In farm outbuildings in Gotland, a Swedish rapid reaction force of 150 military personnel is settling in on the largest island in the Baltic Sea.
Deployed hurriedly from northern Sweden, the troops and their equipment arrived on a C-17 transport plane and a ferry over the weekend in response to Russia’s naval sabre-rattling in the region and deployment of 100,000 troops on its border with Ukraine.
Officially the move is being called a “contingency adjustment”, and senior Swedish military officers stress that the deployment doesn’t mean an increased threat to Sweden’s territory from Moscow -- although Sweden’s defence minister recently said an attack couldn’t be ruled out.
The islands in the Gotland chain have strategic importance not only to Sweden but to the whole Baltic region, located as they are just 300km from the Russian exclave of Kaliningrad, which is home to Russia’s Baltic Fleet.
In recent weeks, Moscow has increased the number of ‘Landing Ship Tank’ (LST) vessels operating in the region from four to six. The Ropucha-class vessels, based in Kaliningrad, are designed for troops and vehicle landings, so manoeuvers in the Baltic Sea last week made the Swedes take notice.
“These won’t do any kind of D-Day operation but could potentially lift enough forces to create a real headache, or grab a limited plot of land -- such as an island,” said Robin Häggblom, a Finnish military blogger and naval expert.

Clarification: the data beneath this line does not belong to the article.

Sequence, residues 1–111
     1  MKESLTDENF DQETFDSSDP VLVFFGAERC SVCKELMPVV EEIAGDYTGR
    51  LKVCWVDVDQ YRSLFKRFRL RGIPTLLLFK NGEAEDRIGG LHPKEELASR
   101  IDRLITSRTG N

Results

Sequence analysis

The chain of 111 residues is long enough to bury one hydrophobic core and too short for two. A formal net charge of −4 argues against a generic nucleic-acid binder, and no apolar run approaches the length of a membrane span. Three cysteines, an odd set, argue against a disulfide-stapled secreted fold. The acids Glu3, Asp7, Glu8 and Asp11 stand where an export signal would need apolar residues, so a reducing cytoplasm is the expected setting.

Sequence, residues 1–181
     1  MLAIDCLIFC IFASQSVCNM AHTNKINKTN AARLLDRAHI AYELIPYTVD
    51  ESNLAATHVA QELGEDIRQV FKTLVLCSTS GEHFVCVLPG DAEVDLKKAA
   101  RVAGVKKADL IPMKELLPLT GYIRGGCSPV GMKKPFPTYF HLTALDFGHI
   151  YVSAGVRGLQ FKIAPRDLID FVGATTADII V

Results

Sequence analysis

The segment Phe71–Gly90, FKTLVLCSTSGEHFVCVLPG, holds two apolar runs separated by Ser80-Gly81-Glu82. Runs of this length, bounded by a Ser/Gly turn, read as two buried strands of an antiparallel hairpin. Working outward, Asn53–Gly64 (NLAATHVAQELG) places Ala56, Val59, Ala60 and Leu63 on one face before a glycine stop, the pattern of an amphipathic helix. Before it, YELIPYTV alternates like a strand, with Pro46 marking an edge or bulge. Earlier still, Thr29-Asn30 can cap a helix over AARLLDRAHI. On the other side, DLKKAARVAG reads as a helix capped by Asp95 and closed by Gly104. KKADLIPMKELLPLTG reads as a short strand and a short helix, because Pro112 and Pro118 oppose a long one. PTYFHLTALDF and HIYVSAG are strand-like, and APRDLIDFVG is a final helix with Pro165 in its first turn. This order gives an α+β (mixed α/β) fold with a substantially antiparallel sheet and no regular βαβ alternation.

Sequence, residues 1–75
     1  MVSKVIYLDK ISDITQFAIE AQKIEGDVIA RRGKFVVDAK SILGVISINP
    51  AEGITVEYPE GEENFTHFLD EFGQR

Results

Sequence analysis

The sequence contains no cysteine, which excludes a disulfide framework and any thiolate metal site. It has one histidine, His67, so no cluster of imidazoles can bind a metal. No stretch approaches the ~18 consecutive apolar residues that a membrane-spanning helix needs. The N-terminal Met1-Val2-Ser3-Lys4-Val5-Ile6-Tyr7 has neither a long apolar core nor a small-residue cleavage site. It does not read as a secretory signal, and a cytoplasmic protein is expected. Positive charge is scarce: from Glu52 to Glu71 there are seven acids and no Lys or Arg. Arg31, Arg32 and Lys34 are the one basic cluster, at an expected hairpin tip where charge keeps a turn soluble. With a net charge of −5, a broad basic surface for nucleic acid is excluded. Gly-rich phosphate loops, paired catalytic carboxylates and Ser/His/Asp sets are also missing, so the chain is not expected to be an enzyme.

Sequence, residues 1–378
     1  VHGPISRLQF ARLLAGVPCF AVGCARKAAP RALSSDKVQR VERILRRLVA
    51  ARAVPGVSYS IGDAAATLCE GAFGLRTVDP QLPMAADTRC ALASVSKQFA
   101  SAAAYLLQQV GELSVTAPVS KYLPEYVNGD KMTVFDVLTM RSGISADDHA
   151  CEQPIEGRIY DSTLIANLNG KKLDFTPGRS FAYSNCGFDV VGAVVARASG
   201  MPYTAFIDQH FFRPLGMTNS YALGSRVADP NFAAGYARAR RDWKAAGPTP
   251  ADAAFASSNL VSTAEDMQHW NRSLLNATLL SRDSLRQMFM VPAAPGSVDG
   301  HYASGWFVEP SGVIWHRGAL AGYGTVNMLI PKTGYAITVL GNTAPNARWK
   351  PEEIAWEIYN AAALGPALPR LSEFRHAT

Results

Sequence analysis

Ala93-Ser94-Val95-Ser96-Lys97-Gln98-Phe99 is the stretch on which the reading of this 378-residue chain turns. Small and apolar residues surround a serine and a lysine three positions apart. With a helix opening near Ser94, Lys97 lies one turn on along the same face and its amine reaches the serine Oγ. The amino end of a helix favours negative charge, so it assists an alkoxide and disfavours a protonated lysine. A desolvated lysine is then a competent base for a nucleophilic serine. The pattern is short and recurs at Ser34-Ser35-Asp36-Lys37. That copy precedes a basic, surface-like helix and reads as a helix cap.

Russia has also deployed a newer and bigger type of LST from the Northern Fleet to the Baltic Sea. The Ivan Gren-class Pyotr Morgunov can carry a dozen battle tanks, 40 amphibious armoured personnel carriers, 300 troops, and a contingent of attack helicopters.
Häggblom said these extra offensive capabilities mean that Russia’s military presence in the Baltic has reached a critical mass. “Things could get serious,” he said.
Russian landing ships have since left the Baltic Sea but the extra troops remain in Gotland for the time being.
Baltic Sea situation an early test for new PM
The situation has been an early test for Sweden’s new prime minister, Magdalena Andersson, who was appointed only in November.
Andersson has already had to rebut Russian assertions that NATO should cap expansion plans and while Sweden and its neighbour Finland are closely aligned militarily with NATO, neither country is a full member of the 30-nation bloc.
“All states have the right to freely choose their own security arrangements,” Andersson said earlier in January after speaking with Finnish president Sauli Niinistö; and following a call with NATO secretary-general Jens Stoltenberg.
The next day she tweeted that Sweden would deepen its partnership with NATO.
Although public opinion in Sweden is more favourable to joining NATO than in Finland, there’s still no majority in the most recent polls in either country for membership.
Andersson has also reached out across political lines and invited leaders of all the parliamentary parties to talks this week on the current security situation.
“I think Swedish authorities, and the armed forces in particular, want to signal clearly that Sweden will resist any hybrid tactics and prepare for a worsening security situation,” said Björn Fägersten at the Swedish Institute of International Affairs.